But, caught up with his busy life in London, weeks turned to months.

‘Looking back, it’s clear that I could have made the time to see someone sooner if I’d wanted to – but I didn’t,’ he said.

‘I was forever making excuses to myself. Either I had too much work on, or I didn’t want to eat into my social life, but deep down I know I was scared and embarrassed.’  

After his op, Mr Robertson went back for two bouts of chemotherapy and a course of radiotherapy to kill off any remaining cancer cells. Six months later, in May 2017, he was given the all-clear

He said his friends broke down into tears when he told them he’d been diagnosed with cancer.

‘Shane, my housemate, broke down… He knew lads who were just 16 when they were diagnosed with testicular cancer, which really grounded me, as at least I have broad shoulders to deal with the burden.’

Mr Robertson’s sister Penny, 30, a civil servant, kept the family strong. ‘Straight off the bat she was positive about the whole thing,’ he said.

‘She used to work for the department of health and insisted that this was something we were going to beat.’ 


Testicular cancer is still quite rare, with just over 1,600 new cases a year in the UK. 

However, it is one of the most curable cancers with 90 per cent making a complete recovery. 

The cause is unknown but doctors do know that men who were born with an undescended or partly descended testicle are five times more likely to develop testicular cancer.

Other research has suggested that there may be a hereditary factor involved, and that if you have a father or brother who has developed the disease you are at an increased risk. 

A brother with testicular cancer means that you could be 10 times more likely to develop it.  


The first sign is usually a swelling of one of the testicles, or a pea-sized hard lump on the front or side of a testicle. 

Other signs to look out for are a sudden collection of fluid in the scrotum, an enlargement or tenderness of the breasts and occasionally there may be a dull ache, or even more seldom, acute pain in the abdomen or groin.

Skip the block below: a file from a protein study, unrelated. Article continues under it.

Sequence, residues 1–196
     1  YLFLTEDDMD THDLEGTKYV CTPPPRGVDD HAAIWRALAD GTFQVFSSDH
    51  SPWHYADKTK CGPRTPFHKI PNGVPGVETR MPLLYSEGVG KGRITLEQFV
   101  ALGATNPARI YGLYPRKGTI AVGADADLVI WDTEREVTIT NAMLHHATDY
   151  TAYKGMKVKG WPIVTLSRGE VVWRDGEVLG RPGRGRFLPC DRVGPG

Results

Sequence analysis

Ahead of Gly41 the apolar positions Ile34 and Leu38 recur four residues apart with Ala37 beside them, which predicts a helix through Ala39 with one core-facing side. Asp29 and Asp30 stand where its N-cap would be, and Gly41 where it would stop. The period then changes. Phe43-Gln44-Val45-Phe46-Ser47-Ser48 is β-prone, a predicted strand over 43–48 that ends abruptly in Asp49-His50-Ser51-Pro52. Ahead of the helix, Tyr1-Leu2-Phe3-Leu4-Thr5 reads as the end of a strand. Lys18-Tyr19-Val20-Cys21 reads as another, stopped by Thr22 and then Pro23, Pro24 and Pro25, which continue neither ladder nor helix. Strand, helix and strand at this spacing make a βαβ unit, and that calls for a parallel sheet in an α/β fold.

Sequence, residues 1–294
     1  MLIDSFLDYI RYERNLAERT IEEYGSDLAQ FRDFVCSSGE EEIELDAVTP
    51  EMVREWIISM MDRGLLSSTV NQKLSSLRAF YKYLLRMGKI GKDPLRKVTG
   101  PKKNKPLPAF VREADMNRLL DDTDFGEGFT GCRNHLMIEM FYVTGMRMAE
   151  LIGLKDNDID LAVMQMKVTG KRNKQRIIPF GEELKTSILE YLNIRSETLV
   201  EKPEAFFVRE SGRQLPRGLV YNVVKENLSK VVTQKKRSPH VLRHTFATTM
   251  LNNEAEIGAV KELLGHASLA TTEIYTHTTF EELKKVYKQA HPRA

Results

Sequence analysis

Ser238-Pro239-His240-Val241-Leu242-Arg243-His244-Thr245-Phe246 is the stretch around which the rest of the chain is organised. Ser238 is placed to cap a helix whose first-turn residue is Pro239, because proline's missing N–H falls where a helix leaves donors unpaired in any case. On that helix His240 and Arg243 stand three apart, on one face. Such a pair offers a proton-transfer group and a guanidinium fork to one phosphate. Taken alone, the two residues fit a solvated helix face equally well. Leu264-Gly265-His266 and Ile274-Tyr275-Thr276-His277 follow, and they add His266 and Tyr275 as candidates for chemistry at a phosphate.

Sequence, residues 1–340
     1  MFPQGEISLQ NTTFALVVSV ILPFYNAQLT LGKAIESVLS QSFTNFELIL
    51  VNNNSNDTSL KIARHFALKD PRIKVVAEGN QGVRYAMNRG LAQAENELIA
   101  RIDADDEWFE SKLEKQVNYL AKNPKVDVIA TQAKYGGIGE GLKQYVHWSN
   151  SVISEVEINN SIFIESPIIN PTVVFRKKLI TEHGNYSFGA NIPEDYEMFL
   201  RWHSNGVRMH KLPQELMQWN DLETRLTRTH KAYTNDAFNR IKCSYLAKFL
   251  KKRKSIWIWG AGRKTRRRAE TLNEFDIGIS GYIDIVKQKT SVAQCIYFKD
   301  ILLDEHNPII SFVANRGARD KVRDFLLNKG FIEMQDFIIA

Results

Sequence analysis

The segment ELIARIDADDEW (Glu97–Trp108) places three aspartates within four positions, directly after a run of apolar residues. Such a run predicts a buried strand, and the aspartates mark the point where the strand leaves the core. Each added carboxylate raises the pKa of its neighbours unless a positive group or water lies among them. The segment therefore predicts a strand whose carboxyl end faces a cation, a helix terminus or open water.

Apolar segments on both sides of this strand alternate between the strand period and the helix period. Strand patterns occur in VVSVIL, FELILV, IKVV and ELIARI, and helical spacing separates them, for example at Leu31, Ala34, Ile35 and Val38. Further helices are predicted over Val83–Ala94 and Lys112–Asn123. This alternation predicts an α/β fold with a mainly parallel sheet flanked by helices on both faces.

When to check 

From the time of puberty onwards your man should do a simple quick check regularly. 

A good place to do this is in, or immediately after a bath or a shower, when the muscle in the scrotal sac is more relaxed. 

He may ask you to help. Hold the scrotum in the palm of your hands, so that you can use the fingers and thumb on both hands to examine the testicles. 

Note the size and weight of the testicles. It is common to have one slightly larger, or which hangs lower than the other, but any noticeable increase in size or weight may mean something is wrong. 

How to check 

You should feel a soft tube at the top and back of the testicle. This is the epididymis, which carries and stores sperm.

It may feel slightly tender. Don’t confuse it with an abnormal lump. You should be able to feel the firm, smooth tube of the spermatic cord, which runs up from the epididymis. 

Feel the testicle itself. It should be smooth with no lumps or swellings. It is unusual to develop cancer in both testicles at the same time, so if you are wondering whether a testicle is feeling normal or not, you can compare it with the other. 

Sex life and fertility 

Treatment for testicular cancer should not normally affect your sex life. 

The occasional patient may have problems with infertility before diagnosis of testicular cancer. 

For those who are fertile there is little risk of their fertility being damaged irreversibly by the treatment. 

A period of 12 – 24 months of diminished fertility after treatment is usual, however.

It is rare to have the disease in both testicles, and if one testicle has to be removed, the remaining testicle tends to make enough sperm to compensate for the loss. 

Several hundred children have been fathered over the last decade by parents treated for testicular cancer and there is no evidence of any genetic problems to children from the treatment.